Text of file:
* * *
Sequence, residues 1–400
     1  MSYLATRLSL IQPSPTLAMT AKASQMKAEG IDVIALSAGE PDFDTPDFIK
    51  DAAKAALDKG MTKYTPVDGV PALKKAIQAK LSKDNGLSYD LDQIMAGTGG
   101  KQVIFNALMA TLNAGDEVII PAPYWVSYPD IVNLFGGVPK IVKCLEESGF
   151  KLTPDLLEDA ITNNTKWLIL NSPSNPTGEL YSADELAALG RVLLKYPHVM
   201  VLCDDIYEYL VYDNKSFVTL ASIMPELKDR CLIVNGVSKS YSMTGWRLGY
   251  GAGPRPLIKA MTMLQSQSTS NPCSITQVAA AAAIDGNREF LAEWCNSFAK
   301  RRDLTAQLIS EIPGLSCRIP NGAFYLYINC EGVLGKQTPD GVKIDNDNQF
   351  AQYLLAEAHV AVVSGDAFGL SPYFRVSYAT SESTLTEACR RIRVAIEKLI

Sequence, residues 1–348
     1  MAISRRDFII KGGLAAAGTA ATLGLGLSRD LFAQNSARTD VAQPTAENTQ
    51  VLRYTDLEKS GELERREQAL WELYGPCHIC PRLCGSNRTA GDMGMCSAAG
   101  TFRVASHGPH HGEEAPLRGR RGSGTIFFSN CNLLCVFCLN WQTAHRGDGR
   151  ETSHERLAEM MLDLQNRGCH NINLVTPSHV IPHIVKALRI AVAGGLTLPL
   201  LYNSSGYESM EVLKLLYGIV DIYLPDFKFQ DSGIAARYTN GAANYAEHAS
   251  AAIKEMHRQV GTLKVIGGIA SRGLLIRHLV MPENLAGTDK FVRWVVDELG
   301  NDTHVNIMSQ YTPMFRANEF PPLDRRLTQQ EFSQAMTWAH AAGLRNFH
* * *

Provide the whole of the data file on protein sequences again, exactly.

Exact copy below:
Sequence, residues 1–400
     1  MSYLATRLSL IQPSPTLAMT AKASQMKAEG IDVIALSAGE PDFDTPDFIK
    51  DAAKAALDKG MTKYTPVDGV PALKKAIQAK LSKDNGLSYD LDQIMAGTGG
   101  KQVIFNALMA TLNAGDEVII PAPYWVSYPD IVNLFGGVPK IVKCLEESGF
   151  KLTPDLLEDA ITNNTKWLIL NSPSNPTGEL YSADELAALG RVLLKYPHVM
   201  VLCDDIYEYL VYDNKSFVTL ASIMPELKDR CLIVNGVSKS YSMTGWRLGY
   251  GAGPRPLIKA MTMLQSQSTS NPCSITQVAA AAAIDGNREF LAEWCNSFAK
   301  RRDLTAQLIS EIPGLSCRIP NGAFYLYINC EGVLGKQTPD GVKIDNDNQF
   351  AQYLLAEAHV AVVSGDAFGL SPYFRVSYAT SESTLTEACR RIRVAIEKLI

Sequence, residues 1–348
     1  MAISRRDFII KGGLAAAGTA ATLGLGLSRD LFAQNSARTD VAQPTAENTQ
    51  VLRYTDLEKS GELERREQAL WELYGPCHIC PRLCGSNRTA GDMGMCSAAG
   101  TFRVASHGPH HGEEAPLRGR RGSGTIFFSN CNLLCVFCLN WQTAHRGDGR
   151  ETSHERLAEM MLDLQNRGCH NINLVTPSHV IPHIVKALRI AVAGGLTLPL
   201  LYNSSGYESM EVLKLLYGIV DIYLPDFKFQ DSGIAARYTN GAANYAEHAS
   251  AAIKEMHRQV GTLKVIGGIA SRGLLIRHLV MPENLAGTDK FVRWVVDELG
   301  NDTHVNIMSQ YTPMFRANEF PPLDRRLTQQ EFSQAMTWAH AAGLRNFH